You might wonder why this blog occasionally features words about words—and you might assume it does because I fancy myself to be a writer. True but not quite. Most of these posts arise from “morning conversations” as Brigitte and I commune about—well, Everything. But we’re two people who’ve both spent large parts of our lives, including our working lives, concerned with books and words. Today began with Brigitte asking: “How do you say but in French?” “Mais,” I said. Next she wondered how you said however, and there I felt a blank. Then Brigitte wondered if, perhaps, alas had however as one of its meanings, in English and in French? That’s how these things begin. Our conversations take place upstairs; my computer’s in the basement; two flights of stairs; such things cause at least five ups and downs; they keep me fit even on rainy days like today when I’m not much moved to go on a long walk.
Going down in search of however, it occurred to me that mais is an odd sort of word for but. What could be its etymology? As usually, in French, it is eccentric and oddly evolutionary—and because English is half French in origin, people from the European mainland have a hell of a time with English. Mais comes from the Latin word magnus, big (believe it or not), but from its adverbial form, magis. That word means more, better, and also rather. Now, oddly, the French have latched on to the last of these meanings whereas in Spanish, as más, the meaning of more has clung to this root.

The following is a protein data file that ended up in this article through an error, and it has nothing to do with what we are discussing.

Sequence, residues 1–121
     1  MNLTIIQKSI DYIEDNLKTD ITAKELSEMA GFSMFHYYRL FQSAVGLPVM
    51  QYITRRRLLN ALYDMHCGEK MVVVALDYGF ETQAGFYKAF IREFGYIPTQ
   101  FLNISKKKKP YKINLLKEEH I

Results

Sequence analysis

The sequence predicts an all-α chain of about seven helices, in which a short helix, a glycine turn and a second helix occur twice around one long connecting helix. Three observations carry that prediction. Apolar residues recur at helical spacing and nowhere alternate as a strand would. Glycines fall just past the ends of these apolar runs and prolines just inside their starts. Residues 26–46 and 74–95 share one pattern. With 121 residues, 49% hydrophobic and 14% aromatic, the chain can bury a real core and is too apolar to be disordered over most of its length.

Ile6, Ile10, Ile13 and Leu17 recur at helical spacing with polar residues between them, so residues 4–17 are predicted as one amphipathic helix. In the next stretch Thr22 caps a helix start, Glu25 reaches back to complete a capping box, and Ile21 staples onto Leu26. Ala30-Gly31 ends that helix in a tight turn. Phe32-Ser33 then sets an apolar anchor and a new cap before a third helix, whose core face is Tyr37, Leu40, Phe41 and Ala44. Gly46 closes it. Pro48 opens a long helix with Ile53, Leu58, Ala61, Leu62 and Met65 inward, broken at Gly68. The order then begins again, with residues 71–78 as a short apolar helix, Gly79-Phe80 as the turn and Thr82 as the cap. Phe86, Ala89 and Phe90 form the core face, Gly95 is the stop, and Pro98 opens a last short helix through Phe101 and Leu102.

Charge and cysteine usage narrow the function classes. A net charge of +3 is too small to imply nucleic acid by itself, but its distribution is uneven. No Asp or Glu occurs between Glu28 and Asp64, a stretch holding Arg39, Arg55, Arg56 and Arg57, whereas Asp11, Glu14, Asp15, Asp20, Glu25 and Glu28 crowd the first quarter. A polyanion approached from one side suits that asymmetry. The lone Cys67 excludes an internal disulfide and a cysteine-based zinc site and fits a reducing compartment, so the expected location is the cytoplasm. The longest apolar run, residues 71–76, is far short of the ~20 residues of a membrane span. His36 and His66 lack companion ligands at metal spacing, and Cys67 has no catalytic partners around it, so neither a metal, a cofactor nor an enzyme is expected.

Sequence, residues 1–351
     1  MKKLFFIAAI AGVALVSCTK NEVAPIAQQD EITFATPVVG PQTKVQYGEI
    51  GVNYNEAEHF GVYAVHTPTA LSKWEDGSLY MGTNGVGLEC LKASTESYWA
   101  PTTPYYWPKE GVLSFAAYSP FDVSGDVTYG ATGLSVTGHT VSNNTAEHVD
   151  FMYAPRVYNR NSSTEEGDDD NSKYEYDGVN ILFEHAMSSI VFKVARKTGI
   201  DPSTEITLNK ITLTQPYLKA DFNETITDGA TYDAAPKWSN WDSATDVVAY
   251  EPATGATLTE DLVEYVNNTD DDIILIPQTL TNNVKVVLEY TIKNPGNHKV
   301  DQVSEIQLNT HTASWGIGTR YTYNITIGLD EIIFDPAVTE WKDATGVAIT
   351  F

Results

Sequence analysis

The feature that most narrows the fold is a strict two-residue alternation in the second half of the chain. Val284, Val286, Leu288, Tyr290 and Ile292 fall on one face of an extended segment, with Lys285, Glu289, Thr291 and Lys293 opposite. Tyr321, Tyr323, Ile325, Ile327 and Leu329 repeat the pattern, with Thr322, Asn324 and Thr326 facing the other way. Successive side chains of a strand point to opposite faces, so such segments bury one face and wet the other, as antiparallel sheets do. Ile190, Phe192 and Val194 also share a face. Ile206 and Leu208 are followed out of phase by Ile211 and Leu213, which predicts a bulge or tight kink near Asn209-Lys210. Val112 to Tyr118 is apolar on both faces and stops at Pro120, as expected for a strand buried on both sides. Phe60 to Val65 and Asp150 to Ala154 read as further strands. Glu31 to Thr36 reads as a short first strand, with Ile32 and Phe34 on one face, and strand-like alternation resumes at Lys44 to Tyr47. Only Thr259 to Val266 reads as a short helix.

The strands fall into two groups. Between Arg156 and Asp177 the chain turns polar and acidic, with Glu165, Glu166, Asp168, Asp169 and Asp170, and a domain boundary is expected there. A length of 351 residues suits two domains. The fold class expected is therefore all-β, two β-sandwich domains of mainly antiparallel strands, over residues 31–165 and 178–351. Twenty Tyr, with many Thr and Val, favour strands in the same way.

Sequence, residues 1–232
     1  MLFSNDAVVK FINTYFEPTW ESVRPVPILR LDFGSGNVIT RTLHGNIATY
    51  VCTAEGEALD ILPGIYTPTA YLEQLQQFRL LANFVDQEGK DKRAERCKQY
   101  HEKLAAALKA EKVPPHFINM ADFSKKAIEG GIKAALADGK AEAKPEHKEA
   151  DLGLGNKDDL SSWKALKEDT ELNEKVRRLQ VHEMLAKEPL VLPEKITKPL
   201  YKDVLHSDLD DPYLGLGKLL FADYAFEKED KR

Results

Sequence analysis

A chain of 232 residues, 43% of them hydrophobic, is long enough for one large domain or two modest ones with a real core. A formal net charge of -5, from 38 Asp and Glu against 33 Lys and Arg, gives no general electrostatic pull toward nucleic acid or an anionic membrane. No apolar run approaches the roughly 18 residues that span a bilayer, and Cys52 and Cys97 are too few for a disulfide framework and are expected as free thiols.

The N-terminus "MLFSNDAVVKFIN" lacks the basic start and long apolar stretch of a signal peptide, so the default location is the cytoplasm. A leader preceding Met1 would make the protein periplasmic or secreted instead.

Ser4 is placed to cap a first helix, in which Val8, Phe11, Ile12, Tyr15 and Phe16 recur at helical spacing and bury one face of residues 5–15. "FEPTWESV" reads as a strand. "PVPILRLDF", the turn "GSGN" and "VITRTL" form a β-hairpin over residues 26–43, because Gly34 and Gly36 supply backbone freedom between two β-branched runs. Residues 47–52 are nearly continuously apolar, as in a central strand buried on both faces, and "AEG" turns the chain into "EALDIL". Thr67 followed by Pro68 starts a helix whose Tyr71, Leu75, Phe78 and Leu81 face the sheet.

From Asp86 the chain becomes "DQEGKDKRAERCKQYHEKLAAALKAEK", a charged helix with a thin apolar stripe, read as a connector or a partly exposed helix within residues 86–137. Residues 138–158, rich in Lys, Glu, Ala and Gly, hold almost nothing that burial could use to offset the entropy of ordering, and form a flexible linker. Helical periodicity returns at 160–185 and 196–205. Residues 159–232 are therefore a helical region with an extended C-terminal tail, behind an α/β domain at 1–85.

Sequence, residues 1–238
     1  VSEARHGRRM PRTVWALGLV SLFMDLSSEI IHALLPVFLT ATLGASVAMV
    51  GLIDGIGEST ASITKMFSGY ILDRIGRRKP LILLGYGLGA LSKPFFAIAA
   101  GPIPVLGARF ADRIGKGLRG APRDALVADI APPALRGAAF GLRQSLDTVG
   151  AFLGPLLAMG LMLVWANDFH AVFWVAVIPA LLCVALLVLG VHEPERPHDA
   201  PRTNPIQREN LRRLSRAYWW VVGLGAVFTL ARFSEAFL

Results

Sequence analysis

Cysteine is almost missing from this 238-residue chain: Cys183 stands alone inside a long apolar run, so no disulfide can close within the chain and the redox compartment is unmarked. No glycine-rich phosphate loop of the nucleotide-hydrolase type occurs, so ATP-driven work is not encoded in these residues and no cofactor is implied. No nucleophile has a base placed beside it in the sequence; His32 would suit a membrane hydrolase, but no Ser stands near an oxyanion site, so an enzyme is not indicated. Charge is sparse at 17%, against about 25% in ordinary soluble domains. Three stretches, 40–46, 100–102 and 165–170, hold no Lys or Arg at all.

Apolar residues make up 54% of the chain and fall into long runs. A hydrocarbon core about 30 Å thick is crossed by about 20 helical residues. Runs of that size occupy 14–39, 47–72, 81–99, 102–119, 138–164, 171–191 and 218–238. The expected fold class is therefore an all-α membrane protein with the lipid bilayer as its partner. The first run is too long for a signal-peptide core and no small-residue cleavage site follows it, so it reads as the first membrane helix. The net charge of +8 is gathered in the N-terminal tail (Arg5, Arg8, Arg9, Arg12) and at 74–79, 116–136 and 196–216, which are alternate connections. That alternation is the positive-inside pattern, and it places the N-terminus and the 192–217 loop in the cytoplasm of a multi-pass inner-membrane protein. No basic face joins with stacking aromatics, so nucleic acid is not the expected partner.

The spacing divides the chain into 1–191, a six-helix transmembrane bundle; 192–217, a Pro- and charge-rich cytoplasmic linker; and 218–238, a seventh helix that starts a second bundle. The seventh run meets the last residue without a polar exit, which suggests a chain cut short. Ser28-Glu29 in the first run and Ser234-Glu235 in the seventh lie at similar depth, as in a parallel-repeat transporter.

However in French? Lordy lord. Just its use as a conjunction produces cependant, toutefois, néanmoins, and pourtant meaning yet, nevertheless, however—and for pourtant we can use all of the above and add the word still.
Both alas and alack mean roughly the same thing. The first syllable in each case is an ah, as in a deep sighhhh. The last syllable comes from the Old French, las, originally meaning weariness (note the related lassitude), later more generally unfortunate. In the case of alack, the second syllable, from Middle English, means just what it says, a lack—loss, failure, and even shame. The two together really do bear witness to the fact that English is a stew cooked from Latin and Germanic ingredients.
Alas and alack, language is like, hey, a forest, a jungle, a universe.